It is rather interesting to me why you on a personal level and so many on a societal level seek out escape to a world of violence and horror. I, for one, will continue to pass.

    • Amy says:

      I won’t speak for Clay but am happy to speak for society 😉 Much like people seek out roller coasters (or bungee jumping or sky diving or… ), my guess is that it’s to flirt with the danger in what is perceived as a safe way. Now, there is much more likely actual danger that will befall you from jumping out of a plane than heading over to your local multi-plex, but both experiences offer the participant a chance to test his mettle, feel fear in a controlled situation and come out the other side.

      I’m further guessing that the appetite for horror films ebbs and flows with a country’s or society’s current environment. I doubt many citizens in Ukraine have been streaming horror films between bursts of gunfire and bomb blasts, for instance. Of course, that’s just my conjecture and maybe the opposite is true.

      • Clay says:

        I think Amy speaks for me here, too. 🙂 I have often compared scary movies to a roller coaster.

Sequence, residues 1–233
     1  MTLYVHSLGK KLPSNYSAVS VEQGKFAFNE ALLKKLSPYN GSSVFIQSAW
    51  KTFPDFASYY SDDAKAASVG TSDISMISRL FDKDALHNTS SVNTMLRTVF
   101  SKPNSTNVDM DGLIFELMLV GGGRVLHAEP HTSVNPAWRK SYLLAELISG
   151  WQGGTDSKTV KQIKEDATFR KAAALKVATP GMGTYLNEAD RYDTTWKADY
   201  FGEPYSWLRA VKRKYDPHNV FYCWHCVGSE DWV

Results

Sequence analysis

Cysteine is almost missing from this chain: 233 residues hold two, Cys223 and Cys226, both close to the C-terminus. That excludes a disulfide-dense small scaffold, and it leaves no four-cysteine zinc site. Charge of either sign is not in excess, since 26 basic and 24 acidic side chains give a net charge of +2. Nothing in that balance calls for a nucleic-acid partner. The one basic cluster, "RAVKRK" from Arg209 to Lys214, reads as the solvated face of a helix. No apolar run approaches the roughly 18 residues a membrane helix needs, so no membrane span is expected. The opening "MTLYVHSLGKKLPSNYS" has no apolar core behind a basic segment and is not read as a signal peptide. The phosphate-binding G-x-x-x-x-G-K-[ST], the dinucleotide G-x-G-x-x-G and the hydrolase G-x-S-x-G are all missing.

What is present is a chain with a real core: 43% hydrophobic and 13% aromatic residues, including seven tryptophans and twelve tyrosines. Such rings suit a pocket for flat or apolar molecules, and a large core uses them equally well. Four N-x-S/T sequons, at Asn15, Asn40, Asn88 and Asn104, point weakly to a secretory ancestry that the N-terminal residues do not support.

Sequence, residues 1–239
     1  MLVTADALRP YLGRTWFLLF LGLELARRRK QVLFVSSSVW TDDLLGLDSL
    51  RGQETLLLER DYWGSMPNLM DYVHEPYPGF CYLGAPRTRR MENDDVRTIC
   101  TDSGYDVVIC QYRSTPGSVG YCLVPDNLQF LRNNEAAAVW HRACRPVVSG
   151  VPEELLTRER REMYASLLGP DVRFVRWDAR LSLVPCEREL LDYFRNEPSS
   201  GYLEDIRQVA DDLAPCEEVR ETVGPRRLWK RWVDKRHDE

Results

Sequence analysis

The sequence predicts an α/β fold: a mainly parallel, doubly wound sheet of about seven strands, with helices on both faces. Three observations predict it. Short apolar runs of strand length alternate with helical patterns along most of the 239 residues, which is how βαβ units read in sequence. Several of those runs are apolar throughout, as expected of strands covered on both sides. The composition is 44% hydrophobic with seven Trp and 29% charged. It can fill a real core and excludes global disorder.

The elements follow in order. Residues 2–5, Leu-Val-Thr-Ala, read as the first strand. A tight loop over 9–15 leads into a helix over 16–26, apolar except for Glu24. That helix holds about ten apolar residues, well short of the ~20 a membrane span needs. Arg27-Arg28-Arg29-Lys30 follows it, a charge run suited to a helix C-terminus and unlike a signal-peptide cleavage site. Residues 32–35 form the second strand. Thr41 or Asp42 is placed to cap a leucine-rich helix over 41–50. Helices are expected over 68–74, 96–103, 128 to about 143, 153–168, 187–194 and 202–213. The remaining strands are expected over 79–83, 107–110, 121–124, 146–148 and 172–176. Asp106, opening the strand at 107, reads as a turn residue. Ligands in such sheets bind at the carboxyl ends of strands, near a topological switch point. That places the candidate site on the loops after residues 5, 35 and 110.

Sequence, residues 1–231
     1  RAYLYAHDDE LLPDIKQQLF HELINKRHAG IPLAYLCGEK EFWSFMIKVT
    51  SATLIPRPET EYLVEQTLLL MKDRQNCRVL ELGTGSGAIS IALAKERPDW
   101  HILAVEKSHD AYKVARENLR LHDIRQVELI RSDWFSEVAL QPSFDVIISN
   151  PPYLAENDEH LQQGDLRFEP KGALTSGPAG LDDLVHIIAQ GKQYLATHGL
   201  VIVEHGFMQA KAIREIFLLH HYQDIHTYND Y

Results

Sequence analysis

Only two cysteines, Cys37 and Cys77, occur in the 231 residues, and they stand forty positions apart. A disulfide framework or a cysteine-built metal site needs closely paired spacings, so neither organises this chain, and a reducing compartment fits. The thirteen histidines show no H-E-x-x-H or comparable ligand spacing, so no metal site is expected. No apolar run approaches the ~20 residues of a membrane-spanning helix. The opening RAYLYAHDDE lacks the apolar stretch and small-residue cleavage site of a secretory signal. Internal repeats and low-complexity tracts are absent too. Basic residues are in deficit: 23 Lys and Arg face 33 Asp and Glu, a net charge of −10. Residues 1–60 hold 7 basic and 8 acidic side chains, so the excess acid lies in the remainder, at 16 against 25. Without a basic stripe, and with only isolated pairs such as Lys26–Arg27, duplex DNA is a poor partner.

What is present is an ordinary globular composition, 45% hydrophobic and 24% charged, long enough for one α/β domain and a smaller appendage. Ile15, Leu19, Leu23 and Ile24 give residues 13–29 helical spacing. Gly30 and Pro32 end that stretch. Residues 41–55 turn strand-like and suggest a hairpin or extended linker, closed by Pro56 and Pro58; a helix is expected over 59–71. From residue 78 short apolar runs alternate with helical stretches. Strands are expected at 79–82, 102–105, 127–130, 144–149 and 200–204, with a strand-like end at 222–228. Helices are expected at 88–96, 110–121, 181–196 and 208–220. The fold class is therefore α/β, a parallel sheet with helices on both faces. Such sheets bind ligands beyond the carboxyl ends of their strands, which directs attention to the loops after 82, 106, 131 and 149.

I do think history has shown that lighter fare (musicals, for example) thrives during wartime. But I also know horror movies have been used to reflect and comment on societal trauma. The civil rights battle and Vietnam both inspired classic horror films in the 70s. More recently, you see horror films commenting on toxic masculinity, “me too,” and Trumpism.

        • Amy says:

          And those sorts of horror films (or other genre films + horror) are ones I don’t actively avoid. Movies like Get Out, The Oath, Silence of the Lambs, Zombieland, World War Z, Warm Bodies, Tremors, Alien, Jaws, This is the End, and so on, are about something other than the death count. Those I can agree are worth my time and consideration.

          Also glad I captured a bit of the appeal for you, too!

          • Clay says:

            I’d argue that most horror movies, and certainly the best ones, are about something other than the death count, either thematically, artistically or both. It’s a genre that allows for more experimentation due to lower budgets and a niche audience. That often leads to more exciting and creative results than typical studio fare.